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Old 30-08-2010, 20:12   #16
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Thank Pierre that is great info.
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Between us there was, as I have already said somewhere, the bond of the sea. Besides holding our hearts together through long periods of separation, it had the effect of making us tolerant of each other's yarns -- and even convictions. Heart of Darkness
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Old 05-09-2010, 08:16   #17
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Did it solo in a Hunter37 in June '05'... 40days from Beaufort NC to Horta... but then the weather was terrible and my Autopilot failed forcing me to hand steer most of the way...
I agree about the SailCraft Boatyard in Oriental... Alans a great guy and very helpful
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Old 05-09-2010, 08:25   #18
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Thanks Boatman. That is great info on both the length of passage and a place to put the boat in the water.
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Fair Winds,

Charlie

Between us there was, as I have already said somewhere, the bond of the sea. Besides holding our hearts together through long periods of separation, it had the effect of making us tolerant of each other's yarns -- and even convictions. Heart of Darkness
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Old 05-09-2010, 09:24   #19
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Hello Charlie & Boatman61 in Portugal!

As you get closer to launch time you'll want to take care of the "electricity difference". If you already have a bi-voltage battery charger the only other piece you really need is a 240V water-heater element.

If you need repairs or an inexpensive place to stay around Lisboa, try Tagus Yacht Center in Seixal, talk to Rafaël Venancia. This is a commercial boat yard with a small pleasure area. It was very clean & helpful in 2004, rather interesting in an industrial setting and a good place to leave the boat on the hard for a few months.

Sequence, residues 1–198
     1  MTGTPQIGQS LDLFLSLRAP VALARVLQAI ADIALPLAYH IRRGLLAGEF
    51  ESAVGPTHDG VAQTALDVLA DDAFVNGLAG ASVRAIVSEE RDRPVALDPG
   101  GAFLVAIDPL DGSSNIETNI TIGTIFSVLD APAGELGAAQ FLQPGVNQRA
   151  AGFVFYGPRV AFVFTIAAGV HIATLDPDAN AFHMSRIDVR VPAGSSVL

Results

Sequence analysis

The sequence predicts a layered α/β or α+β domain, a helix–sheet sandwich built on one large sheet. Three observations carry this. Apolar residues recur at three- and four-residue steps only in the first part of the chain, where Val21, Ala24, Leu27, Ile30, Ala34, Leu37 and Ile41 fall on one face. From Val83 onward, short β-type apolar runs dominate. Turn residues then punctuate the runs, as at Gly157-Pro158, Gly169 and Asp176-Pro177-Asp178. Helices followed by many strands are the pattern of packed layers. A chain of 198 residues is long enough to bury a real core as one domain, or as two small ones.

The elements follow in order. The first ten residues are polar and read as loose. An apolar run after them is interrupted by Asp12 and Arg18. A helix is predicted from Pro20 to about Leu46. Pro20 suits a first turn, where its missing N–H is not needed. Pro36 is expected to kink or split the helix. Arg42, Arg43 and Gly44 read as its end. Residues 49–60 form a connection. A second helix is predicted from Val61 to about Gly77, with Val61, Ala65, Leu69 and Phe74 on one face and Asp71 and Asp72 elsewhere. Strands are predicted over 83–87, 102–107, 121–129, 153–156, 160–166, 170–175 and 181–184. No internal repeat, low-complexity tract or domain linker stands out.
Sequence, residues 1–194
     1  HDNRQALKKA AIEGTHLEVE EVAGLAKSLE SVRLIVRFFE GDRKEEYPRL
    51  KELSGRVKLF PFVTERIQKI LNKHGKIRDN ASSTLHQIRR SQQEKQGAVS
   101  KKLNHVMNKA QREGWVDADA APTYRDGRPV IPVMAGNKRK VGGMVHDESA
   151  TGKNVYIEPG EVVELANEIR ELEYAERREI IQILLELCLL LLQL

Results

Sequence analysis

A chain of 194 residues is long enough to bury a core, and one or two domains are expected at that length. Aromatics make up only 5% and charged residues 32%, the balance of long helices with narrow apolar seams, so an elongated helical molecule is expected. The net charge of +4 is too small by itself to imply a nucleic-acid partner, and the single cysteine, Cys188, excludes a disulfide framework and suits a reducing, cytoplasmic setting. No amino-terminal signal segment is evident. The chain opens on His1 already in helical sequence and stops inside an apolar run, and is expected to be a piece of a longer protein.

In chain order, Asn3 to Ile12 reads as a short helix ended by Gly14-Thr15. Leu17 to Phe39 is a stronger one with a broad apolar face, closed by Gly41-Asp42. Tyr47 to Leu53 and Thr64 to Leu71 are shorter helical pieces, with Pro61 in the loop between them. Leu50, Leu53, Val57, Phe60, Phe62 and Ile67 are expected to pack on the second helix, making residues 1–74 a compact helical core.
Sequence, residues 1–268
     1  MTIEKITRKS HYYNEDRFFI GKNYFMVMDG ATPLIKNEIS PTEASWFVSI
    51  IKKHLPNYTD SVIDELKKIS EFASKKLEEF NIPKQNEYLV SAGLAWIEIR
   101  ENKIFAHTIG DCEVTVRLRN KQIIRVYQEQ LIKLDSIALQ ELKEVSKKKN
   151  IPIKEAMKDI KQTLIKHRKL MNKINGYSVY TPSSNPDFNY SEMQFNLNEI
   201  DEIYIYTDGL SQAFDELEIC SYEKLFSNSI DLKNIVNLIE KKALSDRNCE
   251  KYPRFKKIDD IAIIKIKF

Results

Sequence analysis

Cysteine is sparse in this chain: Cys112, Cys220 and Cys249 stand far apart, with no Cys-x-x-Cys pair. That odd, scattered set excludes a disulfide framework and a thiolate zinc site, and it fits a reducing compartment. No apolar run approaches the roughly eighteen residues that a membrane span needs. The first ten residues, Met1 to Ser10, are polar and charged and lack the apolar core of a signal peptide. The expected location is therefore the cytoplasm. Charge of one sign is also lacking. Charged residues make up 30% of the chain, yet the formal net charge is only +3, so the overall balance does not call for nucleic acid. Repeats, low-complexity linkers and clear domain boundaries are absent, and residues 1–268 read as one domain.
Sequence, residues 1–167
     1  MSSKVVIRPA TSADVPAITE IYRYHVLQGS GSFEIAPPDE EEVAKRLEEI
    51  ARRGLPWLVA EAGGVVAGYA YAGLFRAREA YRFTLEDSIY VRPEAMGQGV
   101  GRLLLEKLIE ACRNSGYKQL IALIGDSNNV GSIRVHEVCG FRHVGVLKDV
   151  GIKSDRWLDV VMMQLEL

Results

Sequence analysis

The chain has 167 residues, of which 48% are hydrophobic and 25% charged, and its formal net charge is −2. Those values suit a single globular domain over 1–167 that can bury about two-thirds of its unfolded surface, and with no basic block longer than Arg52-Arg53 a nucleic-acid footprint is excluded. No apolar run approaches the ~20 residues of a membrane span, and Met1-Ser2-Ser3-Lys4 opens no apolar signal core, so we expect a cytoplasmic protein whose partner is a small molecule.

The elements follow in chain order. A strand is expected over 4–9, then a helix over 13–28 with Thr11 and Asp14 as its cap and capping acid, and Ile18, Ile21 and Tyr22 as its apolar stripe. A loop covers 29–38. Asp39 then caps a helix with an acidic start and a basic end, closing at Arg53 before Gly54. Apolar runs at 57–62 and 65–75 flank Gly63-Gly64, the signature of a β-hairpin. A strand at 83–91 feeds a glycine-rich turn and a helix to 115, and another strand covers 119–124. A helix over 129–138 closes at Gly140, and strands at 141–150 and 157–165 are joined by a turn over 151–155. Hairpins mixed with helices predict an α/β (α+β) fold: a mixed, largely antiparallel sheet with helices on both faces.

Pierre
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Old 05-09-2010, 09:40   #20
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I have sailed from the US to Europe 3 times.

Rhode Island - England, 14 days, 58' S&S design, racing crew of 12
New York - England, 17 days, 54' Derecktor design, delivery with 5
Bermuda - Spain, 21 days, 48' S&S design, racing crew of 10

I have also sailed the other way from the Azores to Bermuda. It took 17 days on a classic 45’ S&S, cruising with 2 aboard and we used the engine (see below).

Some of the key decisions for your trip:

1) Are you going to stop in Bermuda? I would highly recommend it. See the thread http://www.cruisersforum.com/forums/f19/bermuda-destination-or-lost-in-the-triangle-32913.html

2) How far north are you going to sail to get into wind? This is especially true if you decide to go to the Azores. You are scooting around the North Atlantic high which makes for a generally great trip, however as you work south to get to the Azores or Spain or to stay away from the lows that regularly cross the North Atlantic, you can end up with NO WIND. On the race from Bermuda to Spain, it was agonizingly slow at times.

3) When to leave? I would suggest leaving in the second half of June and stopping for a rest in Bermuda (see #1). Then, leave Bermuda around the first of July, although there is plenty of flexibility.

4) Are you going to stop at the Azores? Great islands, great people, well worth the stop. It makes the crossing more difficult in my opinion, because you have to bail out on the wind to get south earlier.

5) Where to go in Spain? So many choices! I can recommend the La Coruna area in the north, but there are many other neat places. Key question is north or south? Better yet, do both and Portugal too .

Have a great trip!
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Old 05-09-2010, 10:55   #21